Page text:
Forecast for science funding: a little hazy with a chance of sun
As I discussed in last week's issue of AIP Matters, it has long been recognized that science is the basis for a strong national economy and high standard of living. In response, federal science funding has grown (especially for biomedical research), although not at the rate that many experts have urged. The Bush administration had a 10-year target to double physical sciences funding, but disagreements over larger budget issues prevented this goal from being realized.
There are promising signs that we may see significant increases in federal funding for the physical sciences. An Obama transition document identified, under the heading "Improve American Competitiveness," the objective to double federal funding for basic research over 10 years (for more, see FYI 2008 #115).
The first signs of what the new administration and the new Congress have in mind are found in the outlines of an economic stimulus bill that should be on President Obama's desk by mid-February. Last week, key committees in the House of Representatives started their consideration of a massive stimulus bill. As first outlined, the legislation would provide the National Science Foundation an additional $3 billion. The Department of Energy would receive an additional $1.9 billion for basic physical sciences research. The list of other federal science agencies that would receive new funding is long, and the amount of money involved impressive (for further details, see FYI #4).
The old saying "don't count your chickens before they're hatched" applies equally well to funding bills considered by Congress. The stimulus bill has not gone before the full House, and the Senate still has to release its legislation—then the two pieces of legislation must be aligned and approved before being sent to the president. The outlook is promising for this bill and future funding measures. The Obama administration and Congress recognize that strengthening the American economy requires both providing good-paying jobs for today and building the foundation for millions of future high-technology jobs by supporting basic research.
What's in a name?
Chinese, Japanese, and Korean authors who publish in the AIP Journals may now choose to have their names published in their own language alongside the English versions. This will help in disambiguating author names that are identical when translated into English. All authors who wish to participate must include the Chinese, Japanese, or Korean characters, within their manuscript, upon submission. (Thanks to the American Physical Society for providing detailed instructions for authors; APS has offered this service since December 2007.)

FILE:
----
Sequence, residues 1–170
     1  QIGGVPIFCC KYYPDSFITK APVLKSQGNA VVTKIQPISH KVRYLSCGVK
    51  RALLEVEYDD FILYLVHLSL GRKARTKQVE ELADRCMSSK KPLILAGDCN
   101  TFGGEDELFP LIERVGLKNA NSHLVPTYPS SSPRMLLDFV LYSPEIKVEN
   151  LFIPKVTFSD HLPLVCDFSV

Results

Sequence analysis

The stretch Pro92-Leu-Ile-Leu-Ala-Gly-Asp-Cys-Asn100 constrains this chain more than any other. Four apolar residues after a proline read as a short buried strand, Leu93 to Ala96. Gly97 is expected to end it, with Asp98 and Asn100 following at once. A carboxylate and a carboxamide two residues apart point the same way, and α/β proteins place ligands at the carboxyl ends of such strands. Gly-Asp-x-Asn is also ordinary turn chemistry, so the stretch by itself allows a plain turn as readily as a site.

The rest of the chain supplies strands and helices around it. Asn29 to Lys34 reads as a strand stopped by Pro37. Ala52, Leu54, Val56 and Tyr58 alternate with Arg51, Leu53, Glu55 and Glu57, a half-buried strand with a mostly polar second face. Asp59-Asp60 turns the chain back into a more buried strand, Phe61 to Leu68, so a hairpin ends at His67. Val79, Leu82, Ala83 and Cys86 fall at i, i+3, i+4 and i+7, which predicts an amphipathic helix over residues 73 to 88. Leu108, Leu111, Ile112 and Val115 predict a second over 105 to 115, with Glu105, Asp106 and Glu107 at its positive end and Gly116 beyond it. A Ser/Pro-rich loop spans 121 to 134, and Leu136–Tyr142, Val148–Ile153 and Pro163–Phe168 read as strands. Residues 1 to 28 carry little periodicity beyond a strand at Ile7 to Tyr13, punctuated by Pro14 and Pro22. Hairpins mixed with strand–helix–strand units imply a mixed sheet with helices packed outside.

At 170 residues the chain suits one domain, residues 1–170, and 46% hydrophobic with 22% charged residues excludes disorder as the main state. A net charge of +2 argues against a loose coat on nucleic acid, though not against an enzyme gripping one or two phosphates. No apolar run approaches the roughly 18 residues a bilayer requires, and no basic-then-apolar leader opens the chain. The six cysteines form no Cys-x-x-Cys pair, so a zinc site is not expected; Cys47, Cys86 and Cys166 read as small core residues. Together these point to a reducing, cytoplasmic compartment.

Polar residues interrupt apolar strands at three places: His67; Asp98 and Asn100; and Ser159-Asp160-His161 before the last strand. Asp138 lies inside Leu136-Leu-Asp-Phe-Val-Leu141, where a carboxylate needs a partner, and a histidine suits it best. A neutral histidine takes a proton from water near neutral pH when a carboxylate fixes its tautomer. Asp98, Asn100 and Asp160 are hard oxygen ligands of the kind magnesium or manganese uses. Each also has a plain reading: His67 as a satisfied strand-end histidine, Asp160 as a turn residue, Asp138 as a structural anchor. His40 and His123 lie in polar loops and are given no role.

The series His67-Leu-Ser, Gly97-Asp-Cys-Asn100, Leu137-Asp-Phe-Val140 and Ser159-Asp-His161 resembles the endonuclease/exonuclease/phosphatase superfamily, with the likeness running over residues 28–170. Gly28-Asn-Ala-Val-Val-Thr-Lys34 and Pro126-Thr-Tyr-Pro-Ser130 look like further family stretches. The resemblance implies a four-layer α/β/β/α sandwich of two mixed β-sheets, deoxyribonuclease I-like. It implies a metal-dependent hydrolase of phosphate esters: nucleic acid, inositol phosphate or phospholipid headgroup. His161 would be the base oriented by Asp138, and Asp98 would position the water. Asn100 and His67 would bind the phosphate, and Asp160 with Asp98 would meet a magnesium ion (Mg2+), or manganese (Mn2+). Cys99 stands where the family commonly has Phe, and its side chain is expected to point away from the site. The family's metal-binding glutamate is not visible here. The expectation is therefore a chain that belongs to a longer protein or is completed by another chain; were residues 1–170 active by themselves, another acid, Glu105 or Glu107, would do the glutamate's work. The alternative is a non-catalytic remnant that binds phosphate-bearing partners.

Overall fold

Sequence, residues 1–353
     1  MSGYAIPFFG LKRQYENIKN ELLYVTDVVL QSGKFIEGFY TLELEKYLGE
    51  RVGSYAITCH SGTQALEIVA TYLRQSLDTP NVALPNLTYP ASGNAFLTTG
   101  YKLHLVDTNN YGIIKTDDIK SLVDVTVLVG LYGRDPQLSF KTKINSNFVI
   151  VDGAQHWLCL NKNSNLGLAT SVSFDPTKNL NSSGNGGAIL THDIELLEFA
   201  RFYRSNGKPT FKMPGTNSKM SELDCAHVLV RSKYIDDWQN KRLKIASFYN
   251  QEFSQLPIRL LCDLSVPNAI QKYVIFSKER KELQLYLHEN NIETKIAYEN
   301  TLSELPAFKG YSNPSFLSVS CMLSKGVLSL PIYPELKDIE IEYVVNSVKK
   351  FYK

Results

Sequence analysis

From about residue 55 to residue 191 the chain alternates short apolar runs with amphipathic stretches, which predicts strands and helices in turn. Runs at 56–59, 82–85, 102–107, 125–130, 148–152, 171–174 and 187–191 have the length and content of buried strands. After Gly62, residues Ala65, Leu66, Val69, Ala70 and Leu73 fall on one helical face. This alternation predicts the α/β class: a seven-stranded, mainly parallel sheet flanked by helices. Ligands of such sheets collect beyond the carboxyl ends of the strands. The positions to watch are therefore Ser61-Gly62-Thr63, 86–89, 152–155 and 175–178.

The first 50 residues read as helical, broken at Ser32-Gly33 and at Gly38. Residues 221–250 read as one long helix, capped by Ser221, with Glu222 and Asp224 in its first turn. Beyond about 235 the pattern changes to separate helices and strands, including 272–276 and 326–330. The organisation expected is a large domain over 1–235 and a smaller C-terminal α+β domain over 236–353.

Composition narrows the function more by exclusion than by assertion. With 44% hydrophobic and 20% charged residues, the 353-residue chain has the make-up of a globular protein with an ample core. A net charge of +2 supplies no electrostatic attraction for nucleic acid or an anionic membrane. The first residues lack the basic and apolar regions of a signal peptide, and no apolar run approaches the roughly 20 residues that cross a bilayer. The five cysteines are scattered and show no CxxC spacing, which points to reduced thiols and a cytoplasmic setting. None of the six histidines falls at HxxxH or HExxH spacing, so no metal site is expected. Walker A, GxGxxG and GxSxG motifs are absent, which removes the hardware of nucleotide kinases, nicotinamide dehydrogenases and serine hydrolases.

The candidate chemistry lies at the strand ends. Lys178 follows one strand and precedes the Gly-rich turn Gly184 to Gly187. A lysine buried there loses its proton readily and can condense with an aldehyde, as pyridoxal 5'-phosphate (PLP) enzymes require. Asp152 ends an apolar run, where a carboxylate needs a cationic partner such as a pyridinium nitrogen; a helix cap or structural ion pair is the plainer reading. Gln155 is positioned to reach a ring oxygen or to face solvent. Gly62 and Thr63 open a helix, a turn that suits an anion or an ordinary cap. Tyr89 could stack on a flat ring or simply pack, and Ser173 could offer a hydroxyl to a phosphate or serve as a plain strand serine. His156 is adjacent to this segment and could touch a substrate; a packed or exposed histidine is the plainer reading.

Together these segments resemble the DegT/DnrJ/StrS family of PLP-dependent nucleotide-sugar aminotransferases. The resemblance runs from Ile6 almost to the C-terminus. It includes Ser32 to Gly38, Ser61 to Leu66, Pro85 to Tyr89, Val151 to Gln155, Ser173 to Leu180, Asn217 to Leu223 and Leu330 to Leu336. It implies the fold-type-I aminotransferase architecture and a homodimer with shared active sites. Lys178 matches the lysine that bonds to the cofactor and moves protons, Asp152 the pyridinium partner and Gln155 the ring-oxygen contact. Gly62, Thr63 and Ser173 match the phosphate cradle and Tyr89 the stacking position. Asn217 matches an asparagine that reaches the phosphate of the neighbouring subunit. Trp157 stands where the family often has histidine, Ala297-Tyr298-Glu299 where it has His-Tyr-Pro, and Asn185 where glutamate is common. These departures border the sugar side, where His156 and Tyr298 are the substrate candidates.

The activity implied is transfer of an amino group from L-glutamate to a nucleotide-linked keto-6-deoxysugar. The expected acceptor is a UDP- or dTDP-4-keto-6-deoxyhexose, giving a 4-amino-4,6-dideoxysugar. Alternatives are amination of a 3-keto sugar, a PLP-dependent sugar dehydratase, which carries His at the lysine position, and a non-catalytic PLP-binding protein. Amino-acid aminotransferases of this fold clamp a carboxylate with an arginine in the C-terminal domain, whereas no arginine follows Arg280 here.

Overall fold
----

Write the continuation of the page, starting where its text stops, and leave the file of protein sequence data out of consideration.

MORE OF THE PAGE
Future scientists' best shot
Science teachers play a critical role in the future of our discipline; it is through them that children become interested, engaged, and eager for scientific discovery. However, a relatively small number of physics and physical sciences teachers actually hold a degree in physics. To close this gap between preparedness shortfalls and instruction expectations, the American Physical Society (APS), the American Association of Physics Teachers (AAPT), and AIP developed the Physics Teacher Education Coalition (PhysTEC) project. With the goal of increasing the number of qualified physics teachers and improving K–8 physical science teacher education, PhysTEC's activities and programs provide teachers with a complete educational experience, from preparation in pedagogy and content to mentoring. In its eighth year, the program has achieved a number of significant accomplishments. Recently, PhysTEC partnered with the Knowles Science Teaching Foundation to produce a video of an outstanding new physics teacher, Mary Lee McJimsey, a PhysTEC teacher from the class of 2006 at Cal Poly (California Polytechnic State University in San Luis Obispo). McJimsey epitomizes the program's ambitions to produce excellent teachers for tomorrow's scientists.
What's your position?
While we may be thankful to work in a comfortable office environment each day, there are some potential physical pitfalls to keep in mind. One of the biggest is your sitting posture as you work at your computer throughout the day. Your workstation setup, which includes your chair, keyboard, mouse, and monitor, can have a huge impact on your health. Take time now to review some healthy computing tips to avoid injury and stay healthy while you work.
Who we are – Accounting (part 1 of 2)
Under the direction of the Treasurer and CFO, the Controller's Office (see the AIP organizational chart, page 35), led by Gigi Swartz, oversees the operations of the accounting and treasury departments. This includes the preparation of the annual budget, and the development and implementation of systems, policies, and procedures to ensure that AIP's accounting records are accurate and in accordance with generally accepted accounting principles and applicable government regulations.
The managers who report to Gigi are responsible for accounts payable processing, payroll and benefit accounting, fixed assets, accounts receivable and revenue recognition, financial reporting and analysis, internal and external audits, tax preparation and reporting, grant management, financial systems and controls, operating and personnel budgets, Member Society billing, order management billing, e-commerce transactions, cash processing, collections, cash management and investments, and the accounting records for the American Center for Physics (ACP).
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